Local

March 15, 2013

Luke Field rises out of desert

RICHARD GRISET
56th Fighter Wing historian

The Battle of Britain began Aug. 8, 1940, and the same day, President Franklin Roosevelt directed the military to start producing 12,000 pilots annually. In response to that order, the Army Air Corps conducted feasibility studies for the construction of eight new air fields.

Phoenix City Manager Donald Scott announced the War Department had approved a site Feb. 13, 1941, for the construction of an advanced single engine flying training base two miles north of the town of Litchfield Park. The site not only had almost year-round flying weather, but it also enjoyed proximity to vast stretches of Sonoran Desert that were ideal for bombing and gunnery practice.

Two days later, Lt. Col. Ennis Whitehead arrived in the area to supervise construction of the base and act as its first commander.

Ground was broken for Litchfield Park Air Base March 31 of that year and was renamed Luke Field June 6 for 2nd Lt. Frank Luke Jr., a Phoenix native who was a World War I ace and the first aviator to be awarded the Medal of Honor. The first student pilot class began training the next day. During World War II, Luke Field produced 17,321 graduates from fighter training programs for the U.S. and its allies. The base was closed Nov. 30, 1946.

Luke was redesignated an air force base when it reopened Feb. 1, 1951, in response to a need for fighter aircrews generated by the Korean Conflict.

The base was initially equipped with F-51 Mustang and F-84 Thunderjet aircraft. Luke Air Force Base joined the supersonic age in 1957 when the North American F-100 Super Sabre was assigned to the installation. That was followed in 1964 by foreign military sales programs in the F-104 Starfighter and the F-5A Freedom Fighter.

The A-7D Corsair arrived in 1969, but was reassigned when the decision was made to make Luke the Air Force’s primary F-4 Phantom II training base. The first F-4 was assigned in 1971.

The first of the super fighters, the F-15 Eagle, was assigned to the base in 1974 followed in 1982 by the second super fighter, the F-16 Fighting Falcon. The first F-15E Strike Eagle arrived in 1988. Three years later, in 1991, a decision to make Luke Air Force Base the service’s primary F-16 training base led to the reassignment of the F-15, and four years later, in 1995, the F-15E was reassigned.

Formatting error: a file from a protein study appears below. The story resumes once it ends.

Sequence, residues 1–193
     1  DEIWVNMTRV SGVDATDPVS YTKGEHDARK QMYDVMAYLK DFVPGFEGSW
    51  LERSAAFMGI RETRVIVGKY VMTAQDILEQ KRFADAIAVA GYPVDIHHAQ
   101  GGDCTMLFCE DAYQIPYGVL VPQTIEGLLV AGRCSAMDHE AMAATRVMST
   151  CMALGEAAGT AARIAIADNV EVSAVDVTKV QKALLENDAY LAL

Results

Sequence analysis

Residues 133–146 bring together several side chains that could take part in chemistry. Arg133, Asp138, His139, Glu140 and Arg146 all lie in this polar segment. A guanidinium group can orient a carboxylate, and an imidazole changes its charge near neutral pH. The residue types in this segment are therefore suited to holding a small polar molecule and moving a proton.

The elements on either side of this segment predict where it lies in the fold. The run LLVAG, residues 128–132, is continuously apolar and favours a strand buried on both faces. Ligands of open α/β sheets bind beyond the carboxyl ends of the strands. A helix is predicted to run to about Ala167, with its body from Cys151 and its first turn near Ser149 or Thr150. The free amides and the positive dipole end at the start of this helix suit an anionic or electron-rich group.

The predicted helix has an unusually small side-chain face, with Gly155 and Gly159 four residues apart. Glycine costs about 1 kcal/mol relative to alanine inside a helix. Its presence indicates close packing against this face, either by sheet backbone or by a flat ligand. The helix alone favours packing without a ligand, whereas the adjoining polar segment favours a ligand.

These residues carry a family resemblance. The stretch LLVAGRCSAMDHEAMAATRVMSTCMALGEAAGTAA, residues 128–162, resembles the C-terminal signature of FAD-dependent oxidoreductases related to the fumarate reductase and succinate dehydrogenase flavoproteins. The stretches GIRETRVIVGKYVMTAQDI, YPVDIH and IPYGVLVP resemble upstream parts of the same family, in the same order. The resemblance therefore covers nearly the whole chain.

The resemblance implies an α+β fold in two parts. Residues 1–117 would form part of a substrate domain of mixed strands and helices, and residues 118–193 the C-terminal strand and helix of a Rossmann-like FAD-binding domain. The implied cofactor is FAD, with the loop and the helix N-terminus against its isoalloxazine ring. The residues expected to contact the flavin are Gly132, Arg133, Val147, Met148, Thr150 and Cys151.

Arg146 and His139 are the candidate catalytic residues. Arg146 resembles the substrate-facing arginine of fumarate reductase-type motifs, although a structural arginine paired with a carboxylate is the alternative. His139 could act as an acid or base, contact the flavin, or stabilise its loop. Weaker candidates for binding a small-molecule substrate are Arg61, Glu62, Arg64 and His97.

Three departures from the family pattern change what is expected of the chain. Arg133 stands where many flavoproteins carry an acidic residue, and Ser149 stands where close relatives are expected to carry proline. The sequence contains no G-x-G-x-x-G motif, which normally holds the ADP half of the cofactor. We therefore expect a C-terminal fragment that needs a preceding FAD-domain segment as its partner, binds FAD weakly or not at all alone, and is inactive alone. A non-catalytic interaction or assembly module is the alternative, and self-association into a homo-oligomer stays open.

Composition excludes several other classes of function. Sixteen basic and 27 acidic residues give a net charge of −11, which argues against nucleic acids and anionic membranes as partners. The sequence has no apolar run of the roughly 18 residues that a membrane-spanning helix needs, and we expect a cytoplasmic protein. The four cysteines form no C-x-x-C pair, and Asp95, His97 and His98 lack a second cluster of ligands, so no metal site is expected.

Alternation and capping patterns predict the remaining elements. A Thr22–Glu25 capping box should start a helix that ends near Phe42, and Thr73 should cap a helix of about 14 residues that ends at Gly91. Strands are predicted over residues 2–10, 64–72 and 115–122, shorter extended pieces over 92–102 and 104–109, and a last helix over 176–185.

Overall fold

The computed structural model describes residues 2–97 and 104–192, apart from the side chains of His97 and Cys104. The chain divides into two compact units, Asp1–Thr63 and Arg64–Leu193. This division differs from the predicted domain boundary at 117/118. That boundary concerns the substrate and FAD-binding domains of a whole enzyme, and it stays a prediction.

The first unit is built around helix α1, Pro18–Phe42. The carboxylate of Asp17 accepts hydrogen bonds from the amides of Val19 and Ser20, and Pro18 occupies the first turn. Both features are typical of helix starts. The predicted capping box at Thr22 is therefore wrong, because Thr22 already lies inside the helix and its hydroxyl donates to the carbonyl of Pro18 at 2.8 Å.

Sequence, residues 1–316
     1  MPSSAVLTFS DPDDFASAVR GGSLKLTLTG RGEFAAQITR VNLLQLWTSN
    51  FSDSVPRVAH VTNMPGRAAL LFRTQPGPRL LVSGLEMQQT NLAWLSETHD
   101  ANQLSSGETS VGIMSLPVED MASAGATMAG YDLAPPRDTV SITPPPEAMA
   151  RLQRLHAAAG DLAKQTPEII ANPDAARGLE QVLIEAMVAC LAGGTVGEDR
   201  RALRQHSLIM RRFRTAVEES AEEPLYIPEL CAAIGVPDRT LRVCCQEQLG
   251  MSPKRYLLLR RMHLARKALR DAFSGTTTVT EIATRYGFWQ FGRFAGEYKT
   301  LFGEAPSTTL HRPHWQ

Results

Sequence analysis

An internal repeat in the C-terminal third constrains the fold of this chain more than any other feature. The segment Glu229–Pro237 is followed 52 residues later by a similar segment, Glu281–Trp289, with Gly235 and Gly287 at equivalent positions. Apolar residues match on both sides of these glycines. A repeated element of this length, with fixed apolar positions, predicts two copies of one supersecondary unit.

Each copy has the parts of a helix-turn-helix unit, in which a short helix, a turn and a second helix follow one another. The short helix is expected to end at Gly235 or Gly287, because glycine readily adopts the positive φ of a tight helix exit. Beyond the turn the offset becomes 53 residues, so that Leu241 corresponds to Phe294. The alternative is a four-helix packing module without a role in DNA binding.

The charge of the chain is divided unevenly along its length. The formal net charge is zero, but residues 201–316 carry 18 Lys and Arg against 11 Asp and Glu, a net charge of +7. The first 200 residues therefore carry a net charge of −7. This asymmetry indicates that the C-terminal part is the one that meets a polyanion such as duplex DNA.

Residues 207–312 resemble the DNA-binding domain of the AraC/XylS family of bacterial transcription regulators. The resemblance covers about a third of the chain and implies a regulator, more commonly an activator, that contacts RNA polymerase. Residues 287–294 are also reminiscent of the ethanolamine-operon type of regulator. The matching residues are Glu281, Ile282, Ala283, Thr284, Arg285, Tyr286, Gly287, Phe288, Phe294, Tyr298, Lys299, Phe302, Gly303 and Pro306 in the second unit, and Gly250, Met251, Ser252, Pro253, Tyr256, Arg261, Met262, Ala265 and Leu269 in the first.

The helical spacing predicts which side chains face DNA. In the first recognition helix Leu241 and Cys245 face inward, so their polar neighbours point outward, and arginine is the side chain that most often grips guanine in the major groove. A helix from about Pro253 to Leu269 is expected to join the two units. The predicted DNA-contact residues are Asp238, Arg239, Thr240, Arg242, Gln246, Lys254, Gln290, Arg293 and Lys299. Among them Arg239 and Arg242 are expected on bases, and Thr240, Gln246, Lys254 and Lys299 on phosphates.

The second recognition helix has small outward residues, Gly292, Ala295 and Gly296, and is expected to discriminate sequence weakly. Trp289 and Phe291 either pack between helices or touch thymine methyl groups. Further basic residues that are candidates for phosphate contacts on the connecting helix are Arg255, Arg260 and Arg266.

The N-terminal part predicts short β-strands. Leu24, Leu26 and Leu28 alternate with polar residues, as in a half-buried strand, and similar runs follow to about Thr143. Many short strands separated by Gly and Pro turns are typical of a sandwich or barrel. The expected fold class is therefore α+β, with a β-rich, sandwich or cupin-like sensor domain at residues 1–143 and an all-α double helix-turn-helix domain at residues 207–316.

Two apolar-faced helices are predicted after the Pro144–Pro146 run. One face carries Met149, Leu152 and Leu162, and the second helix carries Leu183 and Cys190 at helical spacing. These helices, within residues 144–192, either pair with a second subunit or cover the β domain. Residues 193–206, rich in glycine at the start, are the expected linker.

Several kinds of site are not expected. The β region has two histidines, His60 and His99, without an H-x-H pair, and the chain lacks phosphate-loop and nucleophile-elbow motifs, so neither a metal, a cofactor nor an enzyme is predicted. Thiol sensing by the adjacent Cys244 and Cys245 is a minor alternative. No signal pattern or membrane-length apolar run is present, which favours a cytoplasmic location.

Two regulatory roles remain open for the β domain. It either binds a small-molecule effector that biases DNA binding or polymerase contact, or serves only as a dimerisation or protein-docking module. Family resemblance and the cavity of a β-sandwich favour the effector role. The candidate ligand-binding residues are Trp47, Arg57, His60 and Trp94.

Prior to the reassignment of the F-15E, the real world political and military situation resulted in a perceived lessening of international tensions and resulted in a down-sizing of the nation’s military. Senior Air Force leadership moved to ensure the most highly decorated units in Air Force history remained part of the active force during the drawdown. That led to the reassignment of one of the most highly decorated units in Air Force history, the 56th Fighter Wing, from then scheduled-to-close MacDill Air Force Base, Fla., to Luke April 1, 1994. Since 1941, Luke has produced more than 57,500 graduates from fighter training programs for the U.S. and its allies and is truly: “The Home of the Fighter Pilot.”




All of this week's top headlines to your email every Friday.


 
 

 

My personal leadership philosophy

My personal leadership philosophy can be summed up in just a few words — people first, mission always. Some may mistake the phrase “people first, mission always” as a dictum to coddle unit personnel through adversity, but actually, my focus is on preparing them to overcome adversity. The mission will always press on, but without...
 
 

Work, family balance success marker

“Being successful means having a balance of success stories across the many areas of your life. You can’t truly be considered successful in your business life if your home life is in shambles.” — Zig Ziglar In our careers, we frequently hear about the importance of having balance in our life and job. Some common...
 
 
Staff Sgt. 
TIMOTHY BOYER

Luke plays role in saving species

Staff Sgt.TIMOTHY BOYER A team of wildlife specialists prepare a Sonoran pronghorn for release into the wild at the Cabeza Prieta National Wildlife Refuge in Ajo. Sixty-nine pronghorn were captured this year. Of those, more tha...
 

 

News Briefs December 19, 2014

Road closure Litchfield Road at Northern Parkway is closed daily 9 a.m. to 3 p.m. through Sunday to paint the bridge overpass, weather permitting. Northern Parkway will remain open. Reems Road and Dysart Road are alternate routes. For more information, call MCDOT at 480-350-9288. MLK luncheon There will be a Martin Luther King Jr. luncheon...
 
 
Senior Airman 
JAMES HENSLEY

MWD Roy — partner, friend passes

Senior AirmanJAMES HENSLEY Staff Sgt. Scott Emmick, 56th Security Forces Squadron Military Working Dog handler, and Roy, 56th SFS MWD, play Dec. 14, 2012, at the at Luke Air Force Base kennels. The MWD and handler team plays to...
 
 

46 graduate ALS in class 15-1

The 56th Fighter Wing Airman Leadership School graduated 45 senior airmen and one staff sergeant Dec. 11 from class 15-1. The graduates are senior airmen unless otherwise noted. John L. Levitow award: Nathaniel Gladney, 56th Aircraft Maintenance Squadron Distinguished graduates: Matthew Goodspeed, 56th Operations Support Squadron; Russell Hires, 56th Medical Support Squadron; James Gilmore, 56t...
 




0 Comments


Be the first to comment!


Leave a Reply

Your email address will not be published. Required fields are marked *

You may use these HTML tags and attributes: <a href="" title=""> <abbr title=""> <acronym title=""> <b> <blockquote cite=""> <cite> <code> <del datetime=""> <em> <i> <q cite=""> <strike> <strong>


Directory powered by Business Directory Plugin